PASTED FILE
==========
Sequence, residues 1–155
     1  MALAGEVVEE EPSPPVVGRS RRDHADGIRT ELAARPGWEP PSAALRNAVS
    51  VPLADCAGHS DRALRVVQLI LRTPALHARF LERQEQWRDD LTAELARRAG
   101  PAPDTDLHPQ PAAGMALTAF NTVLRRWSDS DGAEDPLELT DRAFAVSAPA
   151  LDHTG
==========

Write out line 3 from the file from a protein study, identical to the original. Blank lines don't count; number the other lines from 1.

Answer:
    51  VPLADCAGHS DRALRVVQLI LRTPALHARF LERQEQWRDD LTAELARRAG